Paudel faces twin challenges of pleasing voters and keeping the economy afloat
KATHMANDU, Oct 15: This is the second time Bishnu Prasad Paudel has been appointed the finance minister. A common attribute between his two stints is: crisis.
Back in November 2015 when he was appointed the finance minister, the economy was bearing the brunt of the undeclared economic blockade imposed by India in the immediate aftermath of earthquakes in April.
Now he is assuming the portfolio to oversee the finances of the government — and of the country as an extension — at a time when the economy is on the brink of recession amid a deadly pandemic.
During his both stints, he has inherited the economy from his predecessors who are technocrats with deep understanding and experiences on managing finance and economy. He had succeeded finance minister Ram Sharan Mahat in 2015, and Yuba Raj Khatiwada is his predecessor now.
For any finance minister, the numbers are supremely important.
This common attribute demonstrates daunting challenges that Finance Minister Paudel will have to deal during his tenure.
His immediate challenge will be to save the economy from the pandemic. But how could he do this? The revenue is tanking due to a slump in economic activities amid the outbreak of coronavirus and subsequent containment measures imposed by the government.
The private sector has its own expectations. Battered by the coronavirus and containment measures including lockdowns, they want a relief and stimulus package from the government, including tax breaks and deferrals. Those who have lost their livelihoods and incomes are right to seek government support. Fighting against the coronavirus immediately requires billions of rupees in resources.
Where will the money come from?
The government treasury is dipping, and likely to end in a deficit. Finance ministry officials are now scrambling to mobilize financial resources even to meet recurrent expenditures.
Paudel takes over the reign of the finance ministry during a hardship that is not confined to our national borders.
The pandemic has plunged the global economy into one of the worst recessions. Unlike his previous stint in 2015, when the earthquakes and the Indian blockade had wreaked havoc on the economy, Finance Minister Paudel now has a little wiggle room to reach out to international donors to mobilize international assistance.
Development partners are also facing economic crises, and it is unlikely for them to come to our rescue. Some of the multilateral agencies, including the World Bank, seemed to have become generous toward Nepal when Khatiwada was the finance minister.
One source that the finance minister could resort to is debts. But raising debt has its own limits. There is a ceiling on domestic borrowing. The government cannot collect more than 225 billion rupees in domestic debt. High borrowing also means higher interest rates, and crowding out private sector investment that is a must at this moment.
Can he change the track record of a populist finance minister?
Crisis apart, another most difficult conundrum new Finance Minister Poudel faces is finding a balance between his or his governing party’s populist temptation, and medium as well as long-term economic development aspiration of the country.
His track record shows that he is not an uncompromising finance minister on maintaining financial or treasury discipline. Even when the country was undergoing economic hardship in the aftermath of earthquakes and the blockade by India, he had pursued a number of distributive policies.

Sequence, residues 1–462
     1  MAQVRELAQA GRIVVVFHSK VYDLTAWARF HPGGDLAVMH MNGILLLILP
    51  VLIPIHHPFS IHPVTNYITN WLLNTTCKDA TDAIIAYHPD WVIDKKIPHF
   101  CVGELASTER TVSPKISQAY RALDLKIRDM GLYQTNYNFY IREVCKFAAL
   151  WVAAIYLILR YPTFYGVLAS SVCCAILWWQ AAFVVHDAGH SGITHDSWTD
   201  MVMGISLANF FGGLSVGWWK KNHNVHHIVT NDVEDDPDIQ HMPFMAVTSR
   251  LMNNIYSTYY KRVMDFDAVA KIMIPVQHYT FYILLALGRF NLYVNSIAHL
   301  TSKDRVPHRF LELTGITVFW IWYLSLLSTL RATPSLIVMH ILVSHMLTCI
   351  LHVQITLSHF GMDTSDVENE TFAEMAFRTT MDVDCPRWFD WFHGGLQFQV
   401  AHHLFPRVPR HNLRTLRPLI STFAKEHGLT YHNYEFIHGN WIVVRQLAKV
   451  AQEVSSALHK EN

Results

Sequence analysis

By expanding and increasing multi-year contracts for development projects, the government had to bear liabilities worth billions.
By allowing multi-year contracts for numerous projects even without figuring out the source of financing, he had promoted a tradition that many economists blame for perpetuating financial indiscipline in the budgeting system. At a time when inflation was skyrocketing and the economy was chronically ill, he had decided to raise the budget for government employees by 25 percent.
The controversial Constituency Development Program saw a significant raise during his last tenure. He increased the funding under this program to five million rupees from two million rupees for each lawmaker in addition to thirty million for each electoral constituency from fifteen million under the Constituency Infrastructure Special Program. The direct budget allocation to legislators continues till the current budget. As an influential leader of the ruling Nepal Communist Party, he lobbied to continue the program that the erstwhile finance minister Khatiwada was reportedly against.
His comeback to the Finance Ministry also comes at a time when half of NCP’s five-year tenure term has been completed. With the ruling party now eying another election, finance minister Paudel will be under pressure to deliver what was promised to the people in the last election as well as handouts and distributive programs to please voters.
There are ambitious programs, including railways, infrastructure projects, double-digit growth and high per capita income, that the NCP has included in its election manifesto that, even if started, holds potential to propel the country toward long-term development and prosperity.
Also, there are many distributive, handouts and populist programs promised to the people that could spell trouble for the economy during these difficult times.
As an influential leader within the ruling party, Paudel enjoys support from both chairmen KP Sharma Oli and Pushpa Kamal Dahal. He has the political leverage to steer the economy toward the direction of his choice. This was not the case with his predecessor Khatiwada who was often in the crosshairs of intraparty disputes.
Whatever path the new finance minister takes is not going to be easy.
As they say, turbulence tests the quality of a pilot.